Meaning of STEEP in English

I. ˈstēp adjective

( -er/-est )

Etymology: Middle English stepe, from Old English stēap high, steep, deep; akin to Old English stēap cup, Old Frisian stāp steep, Old High German stouf high rock, cup, Middle High German stief steep, Old Norse staup lump, knoll, hole in a road, cup

1. : lofty , tall , elevated , high — used chiefly of a sea

ships steaming into steep head seas — Manual of Seamanship

the elusive periscope almost impossible to detect in such steep seas — Stanley Rogers


a. : making a large angle with the plane of the horizon : having a side or slope approaching the perpendicular : precipitous

steep hills

a steep road

area of cleared, steep ground — Evan Williams

b. of twill : having an angle greater than 45 degrees in the twill line


a. : mounting or falling precipitously : headlong

a steep flight of stairs

b. : characterized by a very rapid decline or increase

the steep but comparatively brief depression — Clark Warburton

the persistently steep fall in immigration — Peter Scott

a period of steep decline in our literary standards — Malcolm Cowley

4. : having precipitious or sharply pitched sides

a steep roof

its steep wooded valleys — R.M.Lockley

5. : difficult to accept, meet, or perform : arduous , extreme , excessive , exorbitant , incredible

a steep story

a steep tax

prices are rather steep

a steep task


abrupt , precipitous , sheer : steep describes a slope or pitch likely to make ascent difficult or descent or fall sharp, rapid, rushing

the trail … then struck up the side of the mountain, growing steeper every foot of the way — H.D.Quillin

a slope of water so steep that it made me giddy — R.L.Stevenson

abrupt may apply to sudden protuberance or declivity, to sharply broken angles or levels

occasionally the hills slope gently to the waterline, but more often the highlands rise into abrupt cliffs — American Guide Series: Minnesota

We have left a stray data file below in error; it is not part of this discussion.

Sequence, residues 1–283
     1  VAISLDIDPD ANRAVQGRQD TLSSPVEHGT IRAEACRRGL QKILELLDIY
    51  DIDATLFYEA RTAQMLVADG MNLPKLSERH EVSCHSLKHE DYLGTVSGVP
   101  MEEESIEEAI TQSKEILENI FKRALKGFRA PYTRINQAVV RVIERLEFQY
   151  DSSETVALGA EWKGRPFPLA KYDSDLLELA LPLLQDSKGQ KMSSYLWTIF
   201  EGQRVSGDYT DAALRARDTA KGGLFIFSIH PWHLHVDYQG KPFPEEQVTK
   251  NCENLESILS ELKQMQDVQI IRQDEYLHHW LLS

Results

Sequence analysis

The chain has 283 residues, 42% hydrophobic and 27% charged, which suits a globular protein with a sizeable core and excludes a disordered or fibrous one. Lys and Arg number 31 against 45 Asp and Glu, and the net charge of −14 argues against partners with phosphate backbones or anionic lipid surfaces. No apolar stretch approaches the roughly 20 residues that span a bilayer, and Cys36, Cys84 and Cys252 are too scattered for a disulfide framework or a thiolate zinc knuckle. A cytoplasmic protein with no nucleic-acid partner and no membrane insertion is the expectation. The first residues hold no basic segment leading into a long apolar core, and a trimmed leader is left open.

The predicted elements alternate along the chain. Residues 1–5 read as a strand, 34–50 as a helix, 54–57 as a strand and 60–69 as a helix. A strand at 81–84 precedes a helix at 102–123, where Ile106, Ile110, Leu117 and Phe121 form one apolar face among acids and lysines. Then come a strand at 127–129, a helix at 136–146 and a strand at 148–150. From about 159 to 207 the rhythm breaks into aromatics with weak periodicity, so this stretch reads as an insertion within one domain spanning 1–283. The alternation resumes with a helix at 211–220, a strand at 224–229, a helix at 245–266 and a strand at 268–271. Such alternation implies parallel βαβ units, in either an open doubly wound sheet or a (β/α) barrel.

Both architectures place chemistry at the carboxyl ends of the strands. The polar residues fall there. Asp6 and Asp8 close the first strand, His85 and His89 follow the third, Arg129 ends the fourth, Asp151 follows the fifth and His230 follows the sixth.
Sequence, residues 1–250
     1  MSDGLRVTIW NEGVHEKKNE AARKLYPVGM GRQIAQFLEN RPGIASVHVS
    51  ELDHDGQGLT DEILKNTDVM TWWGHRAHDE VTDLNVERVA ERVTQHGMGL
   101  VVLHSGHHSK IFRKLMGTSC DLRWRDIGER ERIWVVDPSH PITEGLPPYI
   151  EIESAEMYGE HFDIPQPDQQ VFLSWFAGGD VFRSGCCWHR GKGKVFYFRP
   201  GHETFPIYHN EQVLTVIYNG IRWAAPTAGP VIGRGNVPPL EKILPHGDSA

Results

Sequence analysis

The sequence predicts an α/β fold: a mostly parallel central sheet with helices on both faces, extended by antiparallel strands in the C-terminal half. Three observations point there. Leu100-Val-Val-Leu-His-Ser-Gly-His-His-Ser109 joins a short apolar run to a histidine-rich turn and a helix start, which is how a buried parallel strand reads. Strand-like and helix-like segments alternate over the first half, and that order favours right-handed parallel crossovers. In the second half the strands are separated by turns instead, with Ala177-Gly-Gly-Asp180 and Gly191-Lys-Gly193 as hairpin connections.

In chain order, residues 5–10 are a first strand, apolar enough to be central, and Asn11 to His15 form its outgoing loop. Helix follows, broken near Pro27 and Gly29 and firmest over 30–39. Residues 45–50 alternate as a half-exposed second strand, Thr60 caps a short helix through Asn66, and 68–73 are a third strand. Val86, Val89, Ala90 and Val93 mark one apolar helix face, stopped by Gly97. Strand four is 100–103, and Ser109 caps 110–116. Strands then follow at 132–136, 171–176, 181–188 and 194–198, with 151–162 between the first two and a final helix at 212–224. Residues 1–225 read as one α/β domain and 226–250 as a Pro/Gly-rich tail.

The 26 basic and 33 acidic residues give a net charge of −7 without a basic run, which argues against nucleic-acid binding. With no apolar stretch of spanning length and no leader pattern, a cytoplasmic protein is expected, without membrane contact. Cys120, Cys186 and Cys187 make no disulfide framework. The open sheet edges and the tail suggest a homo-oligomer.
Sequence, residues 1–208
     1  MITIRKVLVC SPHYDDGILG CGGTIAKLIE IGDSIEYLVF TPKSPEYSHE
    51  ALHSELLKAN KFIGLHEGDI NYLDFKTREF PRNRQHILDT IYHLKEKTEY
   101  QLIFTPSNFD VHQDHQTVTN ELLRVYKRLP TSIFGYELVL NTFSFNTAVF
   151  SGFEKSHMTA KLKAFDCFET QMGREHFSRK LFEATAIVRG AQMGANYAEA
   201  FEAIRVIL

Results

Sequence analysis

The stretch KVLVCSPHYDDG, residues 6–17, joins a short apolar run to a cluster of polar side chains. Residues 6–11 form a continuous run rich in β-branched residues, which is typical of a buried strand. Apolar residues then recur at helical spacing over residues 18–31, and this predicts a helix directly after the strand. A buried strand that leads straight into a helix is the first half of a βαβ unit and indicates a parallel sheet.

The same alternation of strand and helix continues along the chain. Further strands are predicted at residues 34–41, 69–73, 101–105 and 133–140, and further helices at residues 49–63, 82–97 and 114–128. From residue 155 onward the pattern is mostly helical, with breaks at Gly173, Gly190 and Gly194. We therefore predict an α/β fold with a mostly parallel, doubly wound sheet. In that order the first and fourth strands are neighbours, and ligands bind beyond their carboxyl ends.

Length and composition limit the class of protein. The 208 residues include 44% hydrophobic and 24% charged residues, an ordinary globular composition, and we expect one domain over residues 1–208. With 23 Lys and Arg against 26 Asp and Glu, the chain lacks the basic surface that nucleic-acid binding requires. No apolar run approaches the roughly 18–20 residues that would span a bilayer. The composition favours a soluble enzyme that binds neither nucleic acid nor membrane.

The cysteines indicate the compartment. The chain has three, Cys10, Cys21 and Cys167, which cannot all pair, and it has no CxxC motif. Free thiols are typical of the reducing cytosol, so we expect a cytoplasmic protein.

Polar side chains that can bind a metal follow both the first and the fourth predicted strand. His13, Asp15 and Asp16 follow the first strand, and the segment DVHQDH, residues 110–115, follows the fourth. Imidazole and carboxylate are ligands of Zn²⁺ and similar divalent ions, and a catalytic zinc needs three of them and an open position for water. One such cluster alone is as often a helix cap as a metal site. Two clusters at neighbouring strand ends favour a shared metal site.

high abrupt banks in places become hanging cliffs with a drop of 100 feet or more — American Guide Series: North Carolina

precipitous applies to inclines next to impossible to climb by ordinary procedures, to those approaching the perpendicular

a mountainous region, fronting the Pacific, to which it presents, abruptly, a precipitous escarpment — American Guide Series: Oregon

a deep gorge, with precipitous, volcanic walls which no man could scale — Jack London

sheer may suggest an unbroken perpendicular expanse

sheer cliffs that fell from the summit to the plain, more than a thousand feet — Willa Cather

a sheer drop of 224 feet into a pool at the base of an overhanging cliff — American Guide Series: Oregon

II. adverb

: steeply

the cliff rises steep behind it — Edmund Wilson

the roof … was pitched very steep to shed water — American Guide Series: Connecticut

— often used in combination

steep -ascending

III. noun

( -s )

: a precipitous place : a steep ascent or descent : an object having a steep side or slope

too many thickets and swamps and steeps for practical traveling off the roads — G.W.Brace

when the toiling cyclists climbed that steep they had the flat road … in front of them — O.S.J.Gogarty

IV. intransitive verb

Etymology: -ed/-ing/-s

: slope ; especially : to slope abruptly

now the angle of ascent steeped sharply — J.R.Ullman

V. verb

( -ed/-ing/-s )

Etymology: Middle English stepen; akin to Swedish stöpa to steep, Danish stöbe, and probably to Old English stēap cup — more at steep I

transitive verb


a. : to soak or let stand in a liquid at a temperature under the boiling point (as for the purpose of cleansing, softening, bleaching, extracting a flavor, or germinating) : infuse , macerate

rice grains are usually steeped in a solution of sodium hydroxide

steep coffee

steep barley

b. : to soak (corn kernels) in warm water usually containing a very small amount of sulfur dioxide in the manufacture of starch by the wet milling process

c. : to soak (cellulose pulp) in a dilute solution of sodium hydroxide for the production of alkali cellulose

2. : bathe , wet , immerse , moisten

steeped my wrists and laved my temples — R.L.Stevenson

3. : to saturate thoroughly : imbue

the world was all steeped in sunshine — D.H.Lawrence

a man steeped in the art of the past — Aline B. Saarinen

they continued to steep themselves in the classics — Gilbert Highet

the annals of those steeped in crime — Ellen Smith

intransitive verb

: to undergo the process of soaking in a liquid (as water) under the boiling point

the tea is steeping

rosemary … steeping in vinegar — J.H.Wheelwright

VI. noun

( -s )

Etymology: Middle English stepe, from stepen to steep

1. : the state or process of being steeped

put barley in steep for forty-eight hours

2. : a bath or solution in which something is steeped (as in dyeing or cleansing)

3. : a tank in which a material (as corn or rice) is steeped

the shelled corn is soaked in a steep before milling

the rice starch from the steep is purified

VII. adjective

Etymology: steep (V)

: used for steeping

steep tank

steep tub

Webster's New International English Dictionary.      Новый международный словарь английского языка Webster.